"I am not going to miss!" said the boy swinging at the pinata. Does perder also mean "to miss"? UPDATE: A Hispanic friend just used PERDER in conversation as to forget. I checked the dictionary and that is the third definition of the term, but he said it is used a lot with that meaning. So, "miss" in the sense of "forget"... Not exactly the piñata I was swinging at last year with my comment.
The poster above doesn't appear to be active anymore. It would be nice if he/she had given an example sentence. The best I could find is that in some countries the verb abanicar can be used in baseball as to miss hitting the ball. But abanicar generally means 'to fan'.
The lack of an object is the reason why it can't be "miss." "Perder" doesn't mean "miss" as in swinging and missing or missing a target with an arrow. It can only mean "miss" in the sense of missing a train or a plane or something like that. It can also mean someone doesn't "miss a trick" to borrow an English idiom. And we would normally say "I'm not going to miss it" if we were talking about missing a class or missing a plane (ie. not showing up for a class or being late for a plane). So you would need an object in this sentence in order for it to mean "miss."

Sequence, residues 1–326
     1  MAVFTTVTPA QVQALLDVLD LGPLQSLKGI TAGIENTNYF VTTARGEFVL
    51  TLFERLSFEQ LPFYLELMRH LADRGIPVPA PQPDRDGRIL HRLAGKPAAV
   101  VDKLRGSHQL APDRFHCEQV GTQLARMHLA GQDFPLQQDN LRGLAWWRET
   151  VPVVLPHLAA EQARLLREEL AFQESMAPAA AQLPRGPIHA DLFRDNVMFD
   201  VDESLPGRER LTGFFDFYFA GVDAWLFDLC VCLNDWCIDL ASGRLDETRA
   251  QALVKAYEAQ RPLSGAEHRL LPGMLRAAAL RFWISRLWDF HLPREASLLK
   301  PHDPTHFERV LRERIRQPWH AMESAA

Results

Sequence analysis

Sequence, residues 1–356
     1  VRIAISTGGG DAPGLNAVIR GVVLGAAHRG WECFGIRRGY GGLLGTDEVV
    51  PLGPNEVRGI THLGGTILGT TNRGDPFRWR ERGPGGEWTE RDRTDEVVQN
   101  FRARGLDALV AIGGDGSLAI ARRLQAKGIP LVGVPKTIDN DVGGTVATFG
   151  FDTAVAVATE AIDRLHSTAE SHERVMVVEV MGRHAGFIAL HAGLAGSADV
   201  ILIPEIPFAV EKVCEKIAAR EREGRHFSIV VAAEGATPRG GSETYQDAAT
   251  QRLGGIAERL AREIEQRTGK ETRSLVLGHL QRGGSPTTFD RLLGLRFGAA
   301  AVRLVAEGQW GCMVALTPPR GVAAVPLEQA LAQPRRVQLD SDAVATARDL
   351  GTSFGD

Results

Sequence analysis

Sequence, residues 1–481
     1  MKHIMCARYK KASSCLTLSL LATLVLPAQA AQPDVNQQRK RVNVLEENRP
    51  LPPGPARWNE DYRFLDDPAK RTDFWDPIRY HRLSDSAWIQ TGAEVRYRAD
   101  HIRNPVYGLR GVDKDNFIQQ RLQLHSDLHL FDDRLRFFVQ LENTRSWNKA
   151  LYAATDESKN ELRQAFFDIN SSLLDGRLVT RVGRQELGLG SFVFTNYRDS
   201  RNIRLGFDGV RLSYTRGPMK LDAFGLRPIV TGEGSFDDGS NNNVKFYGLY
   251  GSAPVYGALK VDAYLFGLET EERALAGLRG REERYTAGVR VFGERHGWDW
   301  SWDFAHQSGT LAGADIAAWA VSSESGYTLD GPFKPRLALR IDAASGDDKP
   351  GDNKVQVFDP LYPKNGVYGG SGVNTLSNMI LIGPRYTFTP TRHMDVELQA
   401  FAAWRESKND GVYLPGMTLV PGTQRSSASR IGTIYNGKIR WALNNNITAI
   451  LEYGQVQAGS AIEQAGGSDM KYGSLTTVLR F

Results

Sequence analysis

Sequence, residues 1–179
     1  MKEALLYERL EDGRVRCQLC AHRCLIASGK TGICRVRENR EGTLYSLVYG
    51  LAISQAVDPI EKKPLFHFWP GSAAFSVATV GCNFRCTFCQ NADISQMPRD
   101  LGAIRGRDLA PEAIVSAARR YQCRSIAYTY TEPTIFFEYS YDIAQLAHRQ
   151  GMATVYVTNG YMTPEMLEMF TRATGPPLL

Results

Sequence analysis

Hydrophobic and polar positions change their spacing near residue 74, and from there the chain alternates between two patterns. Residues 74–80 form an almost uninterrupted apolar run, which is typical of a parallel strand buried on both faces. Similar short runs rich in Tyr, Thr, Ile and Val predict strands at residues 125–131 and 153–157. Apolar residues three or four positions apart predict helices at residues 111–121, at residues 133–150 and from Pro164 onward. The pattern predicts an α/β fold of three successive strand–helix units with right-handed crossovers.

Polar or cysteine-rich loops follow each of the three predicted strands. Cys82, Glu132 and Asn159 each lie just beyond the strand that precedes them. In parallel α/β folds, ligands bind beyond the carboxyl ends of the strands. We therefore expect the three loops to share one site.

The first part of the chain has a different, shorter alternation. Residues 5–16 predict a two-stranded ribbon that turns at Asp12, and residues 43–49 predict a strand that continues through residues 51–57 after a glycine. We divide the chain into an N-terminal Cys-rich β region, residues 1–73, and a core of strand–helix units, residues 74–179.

It's also a very rare meaning for "perder," which nine times out of ten (or more), means "lose" or something similar
ngmuipai asked the question would the use of perder meaning to get lost, would it have to be reflective. Mavey (native Spanish speaker said yes and gave an example. The model sentence is not in the reflective mode so it cannot mean to get lost.
However when perder is used in the intransitive mode with no objects, it means to lose as in losing a ball game etc. The model sentence is in the phrasal future which is known as 'ir+a+infinitive. So it translates to I am not going to lose. Hope this helps.